Friday, July 31, 2009

Problem Neckline? Camouflage!

Following on from SOLUTIONS FOR PLUNGING NECKLINES, we're starting on a new series, Ways to Use a Small Piece of Fabric.

Part 1: Camouflage
Do your shirt buttons gape?
Do you wish to draw attention away from a close-fitting jumper?

Here's how a small piece of fabric can solve both those problems.

Above, gaping buttons are out of sight, and below...

bust line is rendered secondary by an attractive necktie drawing the eye upward to the face.

The scarf is a 52x120mm rectangle with 'tweaked' tie ends (formerly a bikini wrap), made from a web knit with overlocked edges. In its new life, it gets the overhand knot treatment and is readily slipped on and off over the head.

More scarf tricks coming soon.

Like this, maybe?

Maybe not.

Friday, July 24, 2009

Spotlight Formal Wear Competition 2009

Enter the Spotlight Formal Wear competition and show the world that
a gorgeous gown can be a modest gown.

All you have to do is purchase the fabric for your formal garment from the fabulous range available at Spotlight and send in the entry form with photos of your creation together with proof of purchase and you could be a winner!

Visit Spotlight's website to view terms & conditions and to download an entry form.
Spotlight New Zealand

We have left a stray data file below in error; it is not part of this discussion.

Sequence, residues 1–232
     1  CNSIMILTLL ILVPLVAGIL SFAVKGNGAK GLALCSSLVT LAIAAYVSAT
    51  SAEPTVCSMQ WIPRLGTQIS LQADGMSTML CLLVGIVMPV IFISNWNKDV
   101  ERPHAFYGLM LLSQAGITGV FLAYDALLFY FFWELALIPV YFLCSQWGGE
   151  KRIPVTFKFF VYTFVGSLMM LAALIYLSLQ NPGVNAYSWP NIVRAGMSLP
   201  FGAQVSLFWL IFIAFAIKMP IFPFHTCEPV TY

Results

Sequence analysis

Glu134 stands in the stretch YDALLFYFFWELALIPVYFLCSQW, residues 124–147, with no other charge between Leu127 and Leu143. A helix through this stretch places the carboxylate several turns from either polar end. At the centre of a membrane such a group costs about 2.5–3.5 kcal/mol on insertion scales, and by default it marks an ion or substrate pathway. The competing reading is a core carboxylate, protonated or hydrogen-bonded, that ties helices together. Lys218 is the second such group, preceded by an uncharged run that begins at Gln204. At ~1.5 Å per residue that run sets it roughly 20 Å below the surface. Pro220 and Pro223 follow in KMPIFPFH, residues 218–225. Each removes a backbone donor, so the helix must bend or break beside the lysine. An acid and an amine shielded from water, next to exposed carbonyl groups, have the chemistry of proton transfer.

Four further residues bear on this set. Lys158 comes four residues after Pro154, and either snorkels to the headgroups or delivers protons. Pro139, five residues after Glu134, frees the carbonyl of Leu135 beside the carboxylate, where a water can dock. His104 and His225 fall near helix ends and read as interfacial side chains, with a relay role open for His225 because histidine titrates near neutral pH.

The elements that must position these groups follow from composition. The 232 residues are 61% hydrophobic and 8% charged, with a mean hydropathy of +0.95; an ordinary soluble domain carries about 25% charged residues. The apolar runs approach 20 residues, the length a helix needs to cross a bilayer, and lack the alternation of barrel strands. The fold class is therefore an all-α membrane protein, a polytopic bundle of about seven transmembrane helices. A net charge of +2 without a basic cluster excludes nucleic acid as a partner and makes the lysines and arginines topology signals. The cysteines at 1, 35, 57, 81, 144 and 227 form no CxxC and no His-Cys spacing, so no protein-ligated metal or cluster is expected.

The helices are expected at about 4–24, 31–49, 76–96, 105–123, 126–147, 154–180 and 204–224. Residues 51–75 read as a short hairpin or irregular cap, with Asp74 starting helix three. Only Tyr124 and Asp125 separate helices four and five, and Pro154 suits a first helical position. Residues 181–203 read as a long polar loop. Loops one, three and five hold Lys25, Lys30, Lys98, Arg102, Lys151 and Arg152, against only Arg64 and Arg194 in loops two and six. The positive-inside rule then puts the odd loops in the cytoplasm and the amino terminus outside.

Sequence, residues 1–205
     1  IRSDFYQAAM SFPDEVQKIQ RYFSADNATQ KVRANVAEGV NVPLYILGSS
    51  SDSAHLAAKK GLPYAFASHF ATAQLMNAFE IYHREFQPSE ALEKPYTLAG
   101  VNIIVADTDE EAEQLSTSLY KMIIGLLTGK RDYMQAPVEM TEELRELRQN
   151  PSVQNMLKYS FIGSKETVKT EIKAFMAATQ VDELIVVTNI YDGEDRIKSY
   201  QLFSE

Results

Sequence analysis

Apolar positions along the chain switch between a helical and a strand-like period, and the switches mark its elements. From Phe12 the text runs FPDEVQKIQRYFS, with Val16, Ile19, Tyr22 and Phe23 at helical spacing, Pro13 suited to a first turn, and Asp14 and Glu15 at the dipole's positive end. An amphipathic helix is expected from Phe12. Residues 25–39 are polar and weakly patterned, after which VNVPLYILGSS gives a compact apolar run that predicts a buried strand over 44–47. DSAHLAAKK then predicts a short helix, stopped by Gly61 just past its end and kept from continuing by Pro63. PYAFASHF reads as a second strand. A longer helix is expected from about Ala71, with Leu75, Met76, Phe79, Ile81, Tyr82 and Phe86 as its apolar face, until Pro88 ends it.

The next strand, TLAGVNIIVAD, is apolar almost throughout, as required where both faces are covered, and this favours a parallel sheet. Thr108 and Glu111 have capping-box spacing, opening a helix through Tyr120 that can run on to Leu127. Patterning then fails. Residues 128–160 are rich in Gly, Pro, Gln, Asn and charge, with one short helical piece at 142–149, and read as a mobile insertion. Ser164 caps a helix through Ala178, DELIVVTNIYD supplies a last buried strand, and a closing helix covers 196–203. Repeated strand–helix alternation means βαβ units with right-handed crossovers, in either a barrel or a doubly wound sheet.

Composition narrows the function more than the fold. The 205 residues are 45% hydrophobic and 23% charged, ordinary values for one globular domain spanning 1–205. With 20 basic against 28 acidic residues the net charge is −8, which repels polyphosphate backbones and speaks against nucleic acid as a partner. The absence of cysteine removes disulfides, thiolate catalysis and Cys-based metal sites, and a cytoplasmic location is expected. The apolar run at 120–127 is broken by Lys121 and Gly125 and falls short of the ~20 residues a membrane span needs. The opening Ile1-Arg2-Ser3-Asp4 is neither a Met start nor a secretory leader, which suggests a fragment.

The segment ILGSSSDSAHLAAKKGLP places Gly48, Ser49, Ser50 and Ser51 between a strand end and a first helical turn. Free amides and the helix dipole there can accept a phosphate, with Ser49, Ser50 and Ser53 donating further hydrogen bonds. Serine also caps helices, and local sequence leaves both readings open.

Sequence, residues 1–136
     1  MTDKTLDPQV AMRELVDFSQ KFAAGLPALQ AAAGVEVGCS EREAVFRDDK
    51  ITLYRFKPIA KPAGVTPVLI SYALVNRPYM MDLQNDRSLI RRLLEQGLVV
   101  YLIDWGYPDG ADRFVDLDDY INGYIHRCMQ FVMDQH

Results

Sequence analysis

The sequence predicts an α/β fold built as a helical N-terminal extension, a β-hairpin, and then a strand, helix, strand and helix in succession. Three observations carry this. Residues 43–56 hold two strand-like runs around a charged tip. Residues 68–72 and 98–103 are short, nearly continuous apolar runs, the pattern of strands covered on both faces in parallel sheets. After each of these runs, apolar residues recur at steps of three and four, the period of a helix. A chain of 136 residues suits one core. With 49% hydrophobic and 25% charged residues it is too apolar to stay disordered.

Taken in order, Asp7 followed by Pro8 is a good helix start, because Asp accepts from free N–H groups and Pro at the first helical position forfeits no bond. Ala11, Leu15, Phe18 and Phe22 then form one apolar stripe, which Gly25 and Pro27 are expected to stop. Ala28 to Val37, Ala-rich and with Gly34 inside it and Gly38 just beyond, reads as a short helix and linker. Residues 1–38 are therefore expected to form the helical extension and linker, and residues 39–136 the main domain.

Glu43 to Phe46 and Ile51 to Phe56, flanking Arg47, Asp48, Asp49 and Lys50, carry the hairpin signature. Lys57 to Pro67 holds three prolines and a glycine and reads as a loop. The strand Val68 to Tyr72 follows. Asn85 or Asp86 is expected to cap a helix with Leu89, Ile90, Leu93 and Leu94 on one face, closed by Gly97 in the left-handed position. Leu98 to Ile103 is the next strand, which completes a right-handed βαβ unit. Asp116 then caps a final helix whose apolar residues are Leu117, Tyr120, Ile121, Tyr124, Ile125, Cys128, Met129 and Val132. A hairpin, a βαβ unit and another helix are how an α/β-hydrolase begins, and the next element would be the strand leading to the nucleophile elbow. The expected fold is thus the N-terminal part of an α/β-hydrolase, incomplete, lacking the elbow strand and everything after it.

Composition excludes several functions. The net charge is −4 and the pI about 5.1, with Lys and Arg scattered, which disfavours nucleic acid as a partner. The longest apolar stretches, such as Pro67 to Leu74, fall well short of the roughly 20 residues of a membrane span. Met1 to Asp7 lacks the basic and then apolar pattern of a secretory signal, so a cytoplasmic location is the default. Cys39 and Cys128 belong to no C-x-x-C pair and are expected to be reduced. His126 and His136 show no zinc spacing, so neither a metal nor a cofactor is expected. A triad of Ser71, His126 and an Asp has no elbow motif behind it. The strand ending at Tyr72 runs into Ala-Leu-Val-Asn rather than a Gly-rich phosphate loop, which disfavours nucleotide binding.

Spotlight Australia

• 4 Runner-up winners to win $250 Spotlight Gift Voucher each.
• 1 Overall winner will receive $1000 Spotlight Gift Voucher, plus a return trip to Melbourne for the winner and a friend to attend the 2010 L’Oreal Fashion Festival, with 3 nights twin share accommodation and a chance to be featured in an issue of ‘get creative’ magazine.

Entries close Sunday, 20th September, 2009.

Above gown from

Above style from

“Our deepest fear is not that we are inadequate. Our deepest fear is that we are powerful beyond measure. We ask ourselves, who am I to be brilliant, gorgeous, talented, and fabulous? Actually, who are you not to be? We are born to make manifest the glory of God that is within us. And as we let our own light shine, we unconsciously give other people permission to do the same.”
-- Akeelah and the Bee

Above gown from

Friday, July 17, 2009

Further Solutions for Plunging Necklines

Make a mix-n-match dickey/chemisette

Part 4 in the Series: Solutions for Plunging Necklines

Sharon showed me a simple version of the velcroed dickey that she came up with. The key to this creation is adhesive (sticky-backed) velcro dots from a sewing supplies store. The dots come in packets of about 8, available in different sizes. Sharon uses ones that are about an inch in diameter.

She took a piece of fabric left over from her layered peasant-style skirt and created a 'patch' to fill the neckline of the shirt she wished to wear with the skirt. She added velcro dots to the shirt facings, fixed the other half of the dots at corresponding positions on the patch (right side up), joined the two layers and voila! she had an attractive, modest outfit.